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This ruellia, which isn’t commonly available, doesn’t usually begin blooming fully until mid-to-late summer.  I was tickled to see one open early in the growing season.  It looks like the ants are happy about that too!

The ‘Henry Duelberg’ Salvia, Salvia farinacea ‘Henry Duelberg’ still sports its pretty bloom spikes.

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It’ll bloom until it’s too hot, then the ‘Henry’ rests, renewing its bloom cycle again with cooler autumn temperatures.  I’ll prune the ‘Henry’ to keep it tidy until its fall bloom cycle.

Turk’s Cap, Malvaviscus arboreus, is an excellent summer bloomer and another favorite of mine.

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It’s a superb  wildlife plant as well:  hummingbirds, bees and butterflies love its bright red blossoms and the birds devour its fruits in the fall.  It grows as a thick shrub,  so many lizards, birds and insects shelter in it.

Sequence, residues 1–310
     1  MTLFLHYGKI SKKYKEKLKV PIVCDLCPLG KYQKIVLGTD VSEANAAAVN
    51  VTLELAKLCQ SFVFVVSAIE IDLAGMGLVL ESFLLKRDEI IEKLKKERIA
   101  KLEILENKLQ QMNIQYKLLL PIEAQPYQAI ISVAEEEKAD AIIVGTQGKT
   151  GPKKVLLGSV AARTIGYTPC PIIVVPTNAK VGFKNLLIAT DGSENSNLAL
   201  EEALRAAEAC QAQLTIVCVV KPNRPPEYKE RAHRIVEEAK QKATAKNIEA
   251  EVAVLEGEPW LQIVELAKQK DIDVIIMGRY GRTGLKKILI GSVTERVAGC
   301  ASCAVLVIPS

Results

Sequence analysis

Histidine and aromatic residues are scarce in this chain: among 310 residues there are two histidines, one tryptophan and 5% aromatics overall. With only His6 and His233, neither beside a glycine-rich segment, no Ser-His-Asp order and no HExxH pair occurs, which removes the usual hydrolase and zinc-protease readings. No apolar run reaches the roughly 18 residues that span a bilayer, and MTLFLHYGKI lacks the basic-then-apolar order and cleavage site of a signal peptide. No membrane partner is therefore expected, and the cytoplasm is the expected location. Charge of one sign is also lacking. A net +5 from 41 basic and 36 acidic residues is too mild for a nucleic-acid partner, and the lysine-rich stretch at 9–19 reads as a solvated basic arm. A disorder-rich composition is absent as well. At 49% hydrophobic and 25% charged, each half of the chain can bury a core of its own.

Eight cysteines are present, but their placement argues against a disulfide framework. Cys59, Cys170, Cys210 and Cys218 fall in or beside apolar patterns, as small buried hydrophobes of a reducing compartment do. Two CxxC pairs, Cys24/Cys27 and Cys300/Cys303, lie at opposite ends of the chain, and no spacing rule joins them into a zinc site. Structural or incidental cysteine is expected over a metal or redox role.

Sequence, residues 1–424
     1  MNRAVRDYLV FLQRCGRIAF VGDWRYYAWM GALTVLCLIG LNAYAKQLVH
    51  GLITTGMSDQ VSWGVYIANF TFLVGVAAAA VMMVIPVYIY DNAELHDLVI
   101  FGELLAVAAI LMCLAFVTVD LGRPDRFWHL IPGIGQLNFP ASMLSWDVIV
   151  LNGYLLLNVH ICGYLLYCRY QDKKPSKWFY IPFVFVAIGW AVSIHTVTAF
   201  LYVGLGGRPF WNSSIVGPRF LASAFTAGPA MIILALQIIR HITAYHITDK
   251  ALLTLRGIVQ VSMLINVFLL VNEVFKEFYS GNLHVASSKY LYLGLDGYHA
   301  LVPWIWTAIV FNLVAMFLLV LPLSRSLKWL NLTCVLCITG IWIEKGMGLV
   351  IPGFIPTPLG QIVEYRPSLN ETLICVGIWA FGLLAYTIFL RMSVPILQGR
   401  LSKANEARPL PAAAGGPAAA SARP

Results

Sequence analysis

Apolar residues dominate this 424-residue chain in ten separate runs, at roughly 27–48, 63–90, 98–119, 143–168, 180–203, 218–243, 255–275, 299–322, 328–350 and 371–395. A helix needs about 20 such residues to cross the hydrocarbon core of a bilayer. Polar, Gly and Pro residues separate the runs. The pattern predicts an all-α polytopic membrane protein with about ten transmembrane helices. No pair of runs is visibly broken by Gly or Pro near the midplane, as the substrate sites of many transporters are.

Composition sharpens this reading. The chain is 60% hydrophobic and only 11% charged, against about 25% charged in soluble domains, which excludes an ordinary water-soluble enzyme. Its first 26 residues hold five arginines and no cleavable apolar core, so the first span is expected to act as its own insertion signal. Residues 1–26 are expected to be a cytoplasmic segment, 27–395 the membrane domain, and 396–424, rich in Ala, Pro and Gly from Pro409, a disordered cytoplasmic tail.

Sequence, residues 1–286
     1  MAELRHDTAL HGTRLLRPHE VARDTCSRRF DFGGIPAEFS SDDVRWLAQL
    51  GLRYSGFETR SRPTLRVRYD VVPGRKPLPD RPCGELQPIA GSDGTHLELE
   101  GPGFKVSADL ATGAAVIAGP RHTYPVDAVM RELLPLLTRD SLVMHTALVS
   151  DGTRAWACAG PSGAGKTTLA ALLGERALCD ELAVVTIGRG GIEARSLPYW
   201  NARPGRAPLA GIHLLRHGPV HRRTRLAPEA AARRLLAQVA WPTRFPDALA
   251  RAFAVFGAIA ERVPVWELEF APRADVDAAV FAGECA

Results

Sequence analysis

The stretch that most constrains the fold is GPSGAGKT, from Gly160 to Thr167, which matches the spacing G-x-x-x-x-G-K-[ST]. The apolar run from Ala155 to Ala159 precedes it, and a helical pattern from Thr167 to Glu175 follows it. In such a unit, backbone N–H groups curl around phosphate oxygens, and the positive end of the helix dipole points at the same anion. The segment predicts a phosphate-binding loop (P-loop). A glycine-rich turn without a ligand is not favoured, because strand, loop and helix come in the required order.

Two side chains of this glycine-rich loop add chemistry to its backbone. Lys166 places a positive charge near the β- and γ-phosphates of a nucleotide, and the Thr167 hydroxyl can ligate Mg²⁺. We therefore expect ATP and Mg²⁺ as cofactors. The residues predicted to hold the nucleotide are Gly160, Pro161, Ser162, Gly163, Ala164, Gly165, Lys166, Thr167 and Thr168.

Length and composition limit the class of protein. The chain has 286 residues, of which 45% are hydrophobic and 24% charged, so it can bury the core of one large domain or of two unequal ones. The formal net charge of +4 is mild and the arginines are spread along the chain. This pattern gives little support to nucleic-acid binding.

The cheerful Engelmann’s Daisy, Engelmannia peristenia, should bloom through mid-summer.

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One reason I chose this wildflower for my gardens is that I noticed how many bees visit it in other gardens.  That hasn’t been true for this daisy this year and I’m not sure why, but Engelmann’s Daisy is still a bright spot in the garden.

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Lastly, this is a nice conglomeration of summer beauties together:

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Two native Texas perennials I haven’t profiled today, Damianita, Chrysactinia mexicana, and Rock Penstemon, Penstemon baccharifolius, are blooming in this photo.  Usually, the Damianita takes a break in the summer after its profusion of spring blossoms.  Rock Penstemon is a hardy summer/fall bloomer.

What native wildflowers are in your garden?  For more wildflower goodness from many places, check out clay and limestone and its celebration of June wildflowers.